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Innovative Asthma Programs Improve Health
Release Date: 05/22/2006
Contact Information: Roxanne Smith, (202) 564-4355 / firstname.lastname@example.org
(Washington, D.C. - May 22, 2006) Creating "safe sleeping zones" for kids and providing one-on-one consultations with pharmacists are some of the effective approaches that help improve the health and quality of life of asthma sufferers. The U.S. Environmental Protection Agency is highlighting approaches like these with the National Environmental Leadership Award in Asthma Management. IMPACT DC (Improving Pediatric Asthma Care in the District of Columbia) and Blue Cross of California, State Sponsored Business Unit (SSB) are this year's winners.
"These award winners combine innovation, imagination and compassion to improve the quality of life for asthma sufferers," said Bill Wehrum, EPA acting assistant administrator for Air and Radiation. "We can all take a deep breath and express our appreciation for IMPACT DC and Blue Cross of California."
Of the approximately 20 million Americans with asthma, more than six million are children. The disease remains one of the leading causes of emergency room visits and school absenteeism for children. Although there is no known cure for asthma, there are ways to reduce the number of attacks, including avoiding exposure to environmental asthma triggers at home, school, and other places where children spend their time.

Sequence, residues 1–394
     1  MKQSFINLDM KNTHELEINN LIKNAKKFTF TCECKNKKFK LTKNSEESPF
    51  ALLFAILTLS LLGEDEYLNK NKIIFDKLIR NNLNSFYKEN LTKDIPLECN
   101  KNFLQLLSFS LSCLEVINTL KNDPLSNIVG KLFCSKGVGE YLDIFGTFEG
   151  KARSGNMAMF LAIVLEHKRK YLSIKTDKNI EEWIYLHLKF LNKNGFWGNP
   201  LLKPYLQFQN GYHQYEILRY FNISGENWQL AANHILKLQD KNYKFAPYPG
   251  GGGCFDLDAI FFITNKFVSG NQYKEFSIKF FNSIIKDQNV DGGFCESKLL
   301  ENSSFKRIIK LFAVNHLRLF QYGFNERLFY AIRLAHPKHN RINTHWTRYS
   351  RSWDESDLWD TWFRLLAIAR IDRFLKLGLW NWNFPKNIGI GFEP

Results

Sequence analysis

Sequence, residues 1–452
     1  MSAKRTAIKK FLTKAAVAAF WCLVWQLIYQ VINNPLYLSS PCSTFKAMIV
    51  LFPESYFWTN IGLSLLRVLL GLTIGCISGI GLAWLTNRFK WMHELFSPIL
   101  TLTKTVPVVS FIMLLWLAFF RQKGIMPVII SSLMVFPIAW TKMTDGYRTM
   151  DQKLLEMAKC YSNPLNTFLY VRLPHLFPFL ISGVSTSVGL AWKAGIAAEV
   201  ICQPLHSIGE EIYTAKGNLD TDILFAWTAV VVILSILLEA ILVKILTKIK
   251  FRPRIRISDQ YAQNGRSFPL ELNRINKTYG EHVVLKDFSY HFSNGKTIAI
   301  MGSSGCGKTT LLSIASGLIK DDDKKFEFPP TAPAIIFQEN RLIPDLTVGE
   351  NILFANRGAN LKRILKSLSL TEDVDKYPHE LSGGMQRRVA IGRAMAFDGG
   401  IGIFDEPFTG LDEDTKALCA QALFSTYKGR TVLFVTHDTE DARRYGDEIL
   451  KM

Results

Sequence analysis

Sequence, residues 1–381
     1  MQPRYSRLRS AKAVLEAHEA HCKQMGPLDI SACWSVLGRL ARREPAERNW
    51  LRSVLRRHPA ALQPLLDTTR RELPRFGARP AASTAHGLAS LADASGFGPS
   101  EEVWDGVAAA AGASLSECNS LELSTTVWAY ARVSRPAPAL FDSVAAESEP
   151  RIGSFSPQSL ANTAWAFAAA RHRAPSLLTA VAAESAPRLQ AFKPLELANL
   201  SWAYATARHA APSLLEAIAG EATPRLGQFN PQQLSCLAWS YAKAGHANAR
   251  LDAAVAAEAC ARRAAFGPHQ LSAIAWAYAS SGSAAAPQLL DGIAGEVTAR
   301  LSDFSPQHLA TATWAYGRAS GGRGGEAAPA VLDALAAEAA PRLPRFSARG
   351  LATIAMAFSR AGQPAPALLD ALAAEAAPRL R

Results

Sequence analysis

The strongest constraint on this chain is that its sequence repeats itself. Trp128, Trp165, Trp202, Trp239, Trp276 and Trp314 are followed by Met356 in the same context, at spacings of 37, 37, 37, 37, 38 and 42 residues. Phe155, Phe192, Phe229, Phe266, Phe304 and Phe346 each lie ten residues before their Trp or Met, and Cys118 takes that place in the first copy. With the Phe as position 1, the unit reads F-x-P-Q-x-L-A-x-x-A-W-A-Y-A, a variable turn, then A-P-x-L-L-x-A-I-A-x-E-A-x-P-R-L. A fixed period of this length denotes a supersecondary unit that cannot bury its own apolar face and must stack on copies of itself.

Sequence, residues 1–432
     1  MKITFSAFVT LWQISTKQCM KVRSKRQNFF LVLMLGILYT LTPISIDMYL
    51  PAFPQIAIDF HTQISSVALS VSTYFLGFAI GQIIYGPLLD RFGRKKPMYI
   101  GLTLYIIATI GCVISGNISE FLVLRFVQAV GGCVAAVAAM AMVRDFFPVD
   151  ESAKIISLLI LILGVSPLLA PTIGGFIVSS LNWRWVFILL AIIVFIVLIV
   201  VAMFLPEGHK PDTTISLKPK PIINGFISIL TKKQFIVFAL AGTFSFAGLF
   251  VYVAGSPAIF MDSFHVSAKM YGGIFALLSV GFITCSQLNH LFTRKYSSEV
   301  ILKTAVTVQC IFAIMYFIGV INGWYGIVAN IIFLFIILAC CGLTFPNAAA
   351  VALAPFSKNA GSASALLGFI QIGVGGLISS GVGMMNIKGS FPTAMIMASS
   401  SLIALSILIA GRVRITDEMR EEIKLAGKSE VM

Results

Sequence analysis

With comprehensive asthma management for children, IMPACT DC, a program of the Children's Research Institute at Children's National Medical Center in Washington, D.C., reduces emergency room visits and decreases asthma severity. The program's unique approach uses the emergency department to identify and educate asthma patients, link them to primary care physicians or Medicaid managed care organizations and follows them to ensure they receive effective long-term care. The program also helps families avoid visits to the emergency room by reducing environmental triggers in the home by helping parents create a "safe sleeping zone" by making a child's bedroom free of dust mites, mold and other allergens, or irritants that might trigger asthma.
Blue Cross of California, SSB, a managed care system, demonstrates leading edge approaches to asthma care by providing multi-lingual pharmacist consultations, home visits to assess environmental risks for high risk members, and incentives for physicians who follow the program's guidelines. Blue Cross of California, SSB contributes to education and research efforts addressing air quality and its effect on asthma through a community-wide coalition that it founded.
May is Asthma Awareness month. EPA's recognition of the award winners will be held in conjunction with the first Communities in Action for Asthma-Friendly Environments National Forum. The forum will bring together 130 representatives from community-based asthma programs for a two-day workshop. Through interactive sessions, participants will learn from their peers about effective strategies and approaches to managing asthma triggers and improving the lives of people with asthma in their communities.
Read more about the 2006 National Environmental Leadership Awards in Asthma Management: epa.gov/asthma/leadership_award_winners.html
More information on asthma: epa.gov/asthma
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